You are what you eat… and drink

With the abundance of new findings on the effects of various foods on our health, how shall we select the best quality evidence and recommendations to follow? Here, we summarize recent studies published in BMC Medicine, which provide evidence on the effects of various nutritional modifications on health outcomes.

According to the Global Burden of Disease Study 2013, suboptimal diet is the main risk factor for death and disability world-wide. Our knowledge on both beneficial and harmful effects of specific foods has expanded rapidly, but there’s a lot of conflicting information. Our food choices must be backed-up by a strong scientific rationale, but how do we find our way around the overwhelming amount of evidence?

It’s useful to be aware that different types of studies provide different ‘levels of evidence’, based on their “their design, validity, and applicability to patient care”. The top of the hierarchy of evidence includes systematic reviews or meta-analyses of all relevant randomized controlled trials (RCTs) (level I) and large multi-center RCTs (level II). Meta-analyses allow combining the data from a number of individual studies.

In this blog, I summarize recent findings from a large cohort study and three meta-analyses of prospective studies, which provide good-quality evidence on the effects of various nutritional modifications on health outcomes.

Is the Mediterranean diet the best, outside of Mediterranean countries?

Rich in vegetables, fruit, cereals, nuts, regular ‘splash’ of olive oil, and occasional glass of wine, the Mediterranean diet has multiple beneficial health effects, such as decreasing the risk of cardiovascular diseases (CVD), diabetes, cancer, and cognitive disorders. The effect seemed to be clear-cut in Mediterranean populations, but it wasn’t so consistent for the non-Mediterranean regions, probably because of the use of different Mediterranean diet scores.

To tackle this issue, a study in the large UK-based cohort looked at four Mediterranean diet scores and their association with CVD risk. All but one consistently showed that following this diet was associated with decreased CVD incidence and mortality in the UK. More broadly, this study provides evidence that Mediterranean diet can be recommended as a part of CVD prevention programs.

Remember your greens…

Increasing the consumption of magnesium-rich foods may be beneficial to overall health” Dr. Fudi Wang (read the entire blog here)

Magnesium is an essential mineral involved in a number of vital processes in the body, such as muscle and nerve function, energy production, and bone development. Foods with highest magnesium contents are dark green, leafy vegetables (spinach, Swiss chard, kale). Other magnesium-rich sources include nuts, seeds, beans, lentils, and whole grains.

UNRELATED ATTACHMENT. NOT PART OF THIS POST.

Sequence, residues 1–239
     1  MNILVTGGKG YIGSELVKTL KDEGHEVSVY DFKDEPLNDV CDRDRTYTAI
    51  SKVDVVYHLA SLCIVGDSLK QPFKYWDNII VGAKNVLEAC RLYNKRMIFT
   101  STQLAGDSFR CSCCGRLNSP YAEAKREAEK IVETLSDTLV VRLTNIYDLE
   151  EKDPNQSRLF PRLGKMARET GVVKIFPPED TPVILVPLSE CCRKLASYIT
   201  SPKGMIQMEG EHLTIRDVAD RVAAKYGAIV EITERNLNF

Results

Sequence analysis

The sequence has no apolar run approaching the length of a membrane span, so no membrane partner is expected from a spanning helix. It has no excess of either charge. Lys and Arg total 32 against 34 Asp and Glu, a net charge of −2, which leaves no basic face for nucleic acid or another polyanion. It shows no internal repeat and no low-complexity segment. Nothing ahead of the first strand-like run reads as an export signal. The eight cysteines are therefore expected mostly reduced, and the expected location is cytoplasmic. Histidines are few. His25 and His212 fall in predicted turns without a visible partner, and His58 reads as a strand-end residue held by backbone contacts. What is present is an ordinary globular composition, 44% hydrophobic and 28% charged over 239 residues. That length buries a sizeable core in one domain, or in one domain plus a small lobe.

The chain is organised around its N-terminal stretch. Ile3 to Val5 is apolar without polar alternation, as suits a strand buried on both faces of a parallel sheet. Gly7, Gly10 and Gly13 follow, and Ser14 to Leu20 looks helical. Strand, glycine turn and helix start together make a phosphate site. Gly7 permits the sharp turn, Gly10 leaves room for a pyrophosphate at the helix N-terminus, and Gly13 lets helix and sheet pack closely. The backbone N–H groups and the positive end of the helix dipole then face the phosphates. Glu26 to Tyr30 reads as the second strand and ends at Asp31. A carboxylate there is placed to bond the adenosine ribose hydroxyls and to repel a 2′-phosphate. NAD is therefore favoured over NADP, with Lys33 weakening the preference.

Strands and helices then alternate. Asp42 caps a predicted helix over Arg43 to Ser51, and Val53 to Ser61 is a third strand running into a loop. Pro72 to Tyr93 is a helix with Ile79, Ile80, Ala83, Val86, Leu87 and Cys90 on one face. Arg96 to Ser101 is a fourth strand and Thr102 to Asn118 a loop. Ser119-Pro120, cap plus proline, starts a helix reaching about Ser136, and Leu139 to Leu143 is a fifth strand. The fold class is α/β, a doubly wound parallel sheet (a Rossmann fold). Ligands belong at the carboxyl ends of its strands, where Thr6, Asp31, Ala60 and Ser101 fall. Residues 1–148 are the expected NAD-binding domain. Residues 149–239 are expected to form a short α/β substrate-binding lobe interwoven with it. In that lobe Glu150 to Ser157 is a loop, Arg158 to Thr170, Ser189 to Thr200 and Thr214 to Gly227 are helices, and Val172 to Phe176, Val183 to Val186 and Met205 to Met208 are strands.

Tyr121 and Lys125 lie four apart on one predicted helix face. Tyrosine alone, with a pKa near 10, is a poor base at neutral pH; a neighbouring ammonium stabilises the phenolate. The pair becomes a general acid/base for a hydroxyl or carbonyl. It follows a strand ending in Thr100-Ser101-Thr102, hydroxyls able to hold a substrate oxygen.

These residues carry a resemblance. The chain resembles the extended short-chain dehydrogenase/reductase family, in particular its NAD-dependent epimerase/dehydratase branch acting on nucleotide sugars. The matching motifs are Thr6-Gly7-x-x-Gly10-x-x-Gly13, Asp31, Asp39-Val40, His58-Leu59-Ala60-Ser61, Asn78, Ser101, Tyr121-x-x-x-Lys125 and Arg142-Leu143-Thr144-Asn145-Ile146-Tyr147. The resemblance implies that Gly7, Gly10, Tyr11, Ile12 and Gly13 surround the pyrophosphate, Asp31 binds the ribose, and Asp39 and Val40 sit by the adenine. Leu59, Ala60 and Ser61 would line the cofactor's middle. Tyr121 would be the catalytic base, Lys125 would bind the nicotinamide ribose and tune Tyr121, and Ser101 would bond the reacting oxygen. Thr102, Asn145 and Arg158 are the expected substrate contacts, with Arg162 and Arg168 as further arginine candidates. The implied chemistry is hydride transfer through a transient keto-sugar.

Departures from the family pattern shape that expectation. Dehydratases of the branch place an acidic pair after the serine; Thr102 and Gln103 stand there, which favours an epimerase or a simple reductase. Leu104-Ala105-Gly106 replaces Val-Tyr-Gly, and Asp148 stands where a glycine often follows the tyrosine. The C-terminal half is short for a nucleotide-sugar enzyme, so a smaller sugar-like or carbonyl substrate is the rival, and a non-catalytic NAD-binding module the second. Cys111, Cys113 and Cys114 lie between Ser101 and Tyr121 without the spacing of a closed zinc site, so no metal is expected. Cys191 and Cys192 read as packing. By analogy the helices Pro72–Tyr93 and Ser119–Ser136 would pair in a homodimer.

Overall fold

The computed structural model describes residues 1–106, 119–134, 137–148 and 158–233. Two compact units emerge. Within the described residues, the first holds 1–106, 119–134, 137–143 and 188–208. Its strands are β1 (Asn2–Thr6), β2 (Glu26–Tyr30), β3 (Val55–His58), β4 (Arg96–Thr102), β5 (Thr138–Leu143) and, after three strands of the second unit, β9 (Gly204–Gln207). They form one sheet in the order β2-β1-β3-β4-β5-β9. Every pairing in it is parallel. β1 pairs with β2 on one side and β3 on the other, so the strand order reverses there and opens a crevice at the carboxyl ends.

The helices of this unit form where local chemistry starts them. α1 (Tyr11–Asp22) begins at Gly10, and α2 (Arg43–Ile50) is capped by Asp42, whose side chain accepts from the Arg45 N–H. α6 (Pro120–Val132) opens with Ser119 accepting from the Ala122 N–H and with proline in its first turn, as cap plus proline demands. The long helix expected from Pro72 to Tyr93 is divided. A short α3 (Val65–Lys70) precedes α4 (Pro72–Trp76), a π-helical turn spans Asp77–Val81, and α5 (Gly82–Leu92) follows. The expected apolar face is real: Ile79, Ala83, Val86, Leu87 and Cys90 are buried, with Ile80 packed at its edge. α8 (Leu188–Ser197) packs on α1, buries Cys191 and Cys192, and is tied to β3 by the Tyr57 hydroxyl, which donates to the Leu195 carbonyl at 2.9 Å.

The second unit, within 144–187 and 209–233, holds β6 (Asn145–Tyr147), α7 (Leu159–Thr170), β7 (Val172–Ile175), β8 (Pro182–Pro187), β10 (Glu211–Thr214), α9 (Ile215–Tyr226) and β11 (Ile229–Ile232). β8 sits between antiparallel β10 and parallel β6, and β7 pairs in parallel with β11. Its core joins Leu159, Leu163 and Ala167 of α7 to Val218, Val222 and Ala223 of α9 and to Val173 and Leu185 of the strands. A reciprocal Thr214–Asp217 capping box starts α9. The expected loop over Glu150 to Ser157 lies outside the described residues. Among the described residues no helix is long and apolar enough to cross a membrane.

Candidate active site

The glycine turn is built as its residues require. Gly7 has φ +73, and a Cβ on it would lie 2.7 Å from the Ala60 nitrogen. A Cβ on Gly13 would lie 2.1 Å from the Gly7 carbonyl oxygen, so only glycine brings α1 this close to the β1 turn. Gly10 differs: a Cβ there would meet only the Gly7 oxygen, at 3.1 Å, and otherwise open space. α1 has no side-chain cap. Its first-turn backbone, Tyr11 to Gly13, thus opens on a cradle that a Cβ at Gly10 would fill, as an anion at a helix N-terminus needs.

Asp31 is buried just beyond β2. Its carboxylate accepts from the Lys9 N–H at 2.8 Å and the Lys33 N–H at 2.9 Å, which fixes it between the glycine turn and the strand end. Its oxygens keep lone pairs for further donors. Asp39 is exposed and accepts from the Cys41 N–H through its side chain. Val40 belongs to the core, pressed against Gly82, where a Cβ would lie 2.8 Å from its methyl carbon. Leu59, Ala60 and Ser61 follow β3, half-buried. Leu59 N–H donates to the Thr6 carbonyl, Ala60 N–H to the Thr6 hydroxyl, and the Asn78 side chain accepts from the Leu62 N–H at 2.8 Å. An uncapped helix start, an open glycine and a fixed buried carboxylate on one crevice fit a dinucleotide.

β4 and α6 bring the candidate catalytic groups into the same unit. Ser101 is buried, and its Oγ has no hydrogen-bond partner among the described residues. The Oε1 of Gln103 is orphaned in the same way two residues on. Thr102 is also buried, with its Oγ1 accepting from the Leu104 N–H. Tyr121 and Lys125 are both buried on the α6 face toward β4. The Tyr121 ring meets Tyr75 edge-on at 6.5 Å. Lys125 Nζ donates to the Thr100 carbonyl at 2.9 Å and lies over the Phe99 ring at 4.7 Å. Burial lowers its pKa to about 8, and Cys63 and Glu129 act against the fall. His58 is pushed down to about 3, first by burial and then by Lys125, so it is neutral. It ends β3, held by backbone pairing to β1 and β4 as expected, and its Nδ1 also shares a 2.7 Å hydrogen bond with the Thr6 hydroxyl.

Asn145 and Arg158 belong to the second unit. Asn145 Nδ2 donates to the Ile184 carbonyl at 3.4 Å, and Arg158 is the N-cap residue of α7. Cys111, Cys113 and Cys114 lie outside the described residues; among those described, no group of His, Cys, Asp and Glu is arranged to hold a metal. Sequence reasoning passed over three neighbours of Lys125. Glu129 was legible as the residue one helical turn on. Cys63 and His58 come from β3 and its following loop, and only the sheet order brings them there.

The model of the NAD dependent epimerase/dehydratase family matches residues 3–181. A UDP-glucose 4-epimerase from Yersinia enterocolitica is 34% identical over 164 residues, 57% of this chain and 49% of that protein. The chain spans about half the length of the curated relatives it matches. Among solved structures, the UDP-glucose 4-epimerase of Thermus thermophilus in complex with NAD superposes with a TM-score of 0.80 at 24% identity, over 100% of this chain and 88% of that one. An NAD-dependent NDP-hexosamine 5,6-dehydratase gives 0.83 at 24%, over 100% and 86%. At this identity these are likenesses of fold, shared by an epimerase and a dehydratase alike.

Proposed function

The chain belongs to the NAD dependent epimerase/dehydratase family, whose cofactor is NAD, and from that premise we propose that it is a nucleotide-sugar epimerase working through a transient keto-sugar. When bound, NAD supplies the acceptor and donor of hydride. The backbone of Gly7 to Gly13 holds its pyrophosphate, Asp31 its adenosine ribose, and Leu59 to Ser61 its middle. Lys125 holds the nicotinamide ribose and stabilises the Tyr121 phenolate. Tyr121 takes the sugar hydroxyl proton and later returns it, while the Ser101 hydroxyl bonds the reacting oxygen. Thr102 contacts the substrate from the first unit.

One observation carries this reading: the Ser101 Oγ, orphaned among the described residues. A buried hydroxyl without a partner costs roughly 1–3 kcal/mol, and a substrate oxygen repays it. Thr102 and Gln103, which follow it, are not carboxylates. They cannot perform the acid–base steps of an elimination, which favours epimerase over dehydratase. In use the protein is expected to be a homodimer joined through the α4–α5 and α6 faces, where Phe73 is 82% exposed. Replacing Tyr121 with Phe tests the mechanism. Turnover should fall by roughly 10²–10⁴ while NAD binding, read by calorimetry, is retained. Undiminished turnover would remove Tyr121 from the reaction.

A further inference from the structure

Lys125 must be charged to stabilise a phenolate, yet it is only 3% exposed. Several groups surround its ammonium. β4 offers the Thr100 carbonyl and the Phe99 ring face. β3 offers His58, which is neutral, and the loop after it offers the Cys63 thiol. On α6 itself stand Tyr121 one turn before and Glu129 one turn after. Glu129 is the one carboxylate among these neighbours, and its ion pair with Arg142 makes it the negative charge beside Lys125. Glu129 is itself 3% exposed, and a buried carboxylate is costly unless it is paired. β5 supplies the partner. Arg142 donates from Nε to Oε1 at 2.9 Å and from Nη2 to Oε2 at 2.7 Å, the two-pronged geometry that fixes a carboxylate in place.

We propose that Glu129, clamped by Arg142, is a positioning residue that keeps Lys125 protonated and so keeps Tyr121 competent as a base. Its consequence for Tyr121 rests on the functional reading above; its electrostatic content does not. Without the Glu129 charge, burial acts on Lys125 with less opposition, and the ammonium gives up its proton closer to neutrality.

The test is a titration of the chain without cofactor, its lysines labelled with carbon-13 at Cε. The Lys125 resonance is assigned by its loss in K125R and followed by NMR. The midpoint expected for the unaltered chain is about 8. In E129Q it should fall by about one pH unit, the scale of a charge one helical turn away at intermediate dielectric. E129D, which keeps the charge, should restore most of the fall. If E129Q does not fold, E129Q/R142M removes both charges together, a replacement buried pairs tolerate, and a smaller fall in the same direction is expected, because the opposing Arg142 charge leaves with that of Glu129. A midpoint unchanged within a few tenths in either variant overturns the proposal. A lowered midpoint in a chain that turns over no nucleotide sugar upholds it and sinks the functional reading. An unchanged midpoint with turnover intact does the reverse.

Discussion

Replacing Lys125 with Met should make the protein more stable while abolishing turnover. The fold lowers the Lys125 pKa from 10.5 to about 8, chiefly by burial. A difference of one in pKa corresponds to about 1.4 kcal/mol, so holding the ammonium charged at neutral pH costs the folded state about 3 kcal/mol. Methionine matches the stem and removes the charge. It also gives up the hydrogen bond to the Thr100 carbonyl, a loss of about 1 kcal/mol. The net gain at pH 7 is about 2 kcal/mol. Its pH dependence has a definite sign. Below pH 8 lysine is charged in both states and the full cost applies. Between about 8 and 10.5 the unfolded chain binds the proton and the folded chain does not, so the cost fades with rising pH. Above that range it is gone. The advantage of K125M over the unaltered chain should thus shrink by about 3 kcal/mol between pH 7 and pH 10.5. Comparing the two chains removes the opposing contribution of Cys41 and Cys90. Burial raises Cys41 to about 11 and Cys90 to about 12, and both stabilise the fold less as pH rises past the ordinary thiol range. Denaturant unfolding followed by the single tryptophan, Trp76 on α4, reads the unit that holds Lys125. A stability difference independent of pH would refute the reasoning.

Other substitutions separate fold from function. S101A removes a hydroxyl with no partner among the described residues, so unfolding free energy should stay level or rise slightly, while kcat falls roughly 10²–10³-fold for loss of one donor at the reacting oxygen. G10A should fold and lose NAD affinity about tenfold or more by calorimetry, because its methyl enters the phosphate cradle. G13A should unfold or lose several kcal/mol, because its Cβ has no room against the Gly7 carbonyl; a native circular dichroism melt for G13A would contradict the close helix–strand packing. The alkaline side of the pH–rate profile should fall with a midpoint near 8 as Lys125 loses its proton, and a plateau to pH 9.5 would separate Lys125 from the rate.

Dr. Fudi Wang’s group carried out a dose-response meta-analysis looking at magnesium intake and the risk of CVD, type 2 diabetes and all-cause mortality. They compiled the data from 40 prospective studies with over 1 million participants from all over the world. Increasing dietary magnesium intake was linked to decreased risk of stroke, heart failure, diabetes, and all-cause mortality, but not of coronary heart disease or total CVD.

…and a wise amount of nuts

“Just adding a handful of nuts to the diet seems to be wise and might add more years to our life with a better quality of life” Prof. Agneta Åkesson & Dr. Carolina Donat-Vargas (read the entire blog here)

As mentioned above, nuts are rich in magnesium and are important part of the Mediterranean diet. Their consumption clearly has beneficial effect of on cardiovascular health, but the comprehensive scientific evidence on their impact on other health outcomes wasn’t consistent.

To address that, a recent comprehensive meta-analysis by Dr. Dagfinn Aune et al. evaluated nut consumption and the risk of CVD, cancer, and mortality (both all-cause and cause-specific), looking specifically at portion sizes. Data from 20 studies with 819,448 participants showed that adding a serving (28 g) of nuts to your daily nut intake decreases the risk of coronary heart disease, stroke, CVD, cancer and all-cause mortality.

…but don’t go overboard with alcohol!

“The take home message from this study is that for those who drink alcohol, the consumption should be no more than 1–2 drinks per day” Dr. Susanna C. Larsson (read the entire blog here)

Moderate alcohol consumption is linked to potential health benefits, particularly for the heart. On the other hand, binge drinking increases risk of CVD and mortality. As the effect of alcohol intake on stroke and its specific subtypes wasn’t clear, Dr. Susanna C. Larsson et al. conducted a meta-analysis on the topic.

They identified 27 prospective studies with 3,824 cases of ischemic stroke, 555 – intracerebral hemorrhage, and 176 – subarachnoid hemorrhage. Light and moderate alcohol consumption decreased the risk of ischemic stroke only, whereas heavy drinking was linked to increased risk of all stroke types.

It’s important not to take any nutritional recommendations at face value, but try to verify the underlying data. Well-conducted meta-analyses are the best level of evidence, followed by for large, multi-center studies. Another important point is to balance out the recommendations and look for specific information on portion sizes. For example, the Mediterranean diet has potential benefits with regular consumption of nuts and wine, but too many nuts in your diet, or too much wine, will have negative impacts on your health in the long run. So moderation is the key!

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